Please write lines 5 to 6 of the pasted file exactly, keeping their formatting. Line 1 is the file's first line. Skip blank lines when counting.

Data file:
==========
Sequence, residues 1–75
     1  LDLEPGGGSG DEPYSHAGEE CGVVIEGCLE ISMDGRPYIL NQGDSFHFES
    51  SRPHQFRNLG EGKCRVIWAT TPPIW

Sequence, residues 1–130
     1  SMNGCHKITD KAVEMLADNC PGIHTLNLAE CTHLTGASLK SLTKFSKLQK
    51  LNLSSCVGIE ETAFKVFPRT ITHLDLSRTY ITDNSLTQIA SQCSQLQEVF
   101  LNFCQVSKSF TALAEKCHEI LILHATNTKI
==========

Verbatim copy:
     1  SMNGCHKITD KAVEMLADNC PGIHTLNLAE CTHLTGASLK SLTKFSKLQK
    51  LNLSSCVGIE ETAFKVFPRT ITHLDLSRTY ITDNSLTQIA SQCSQLQEVF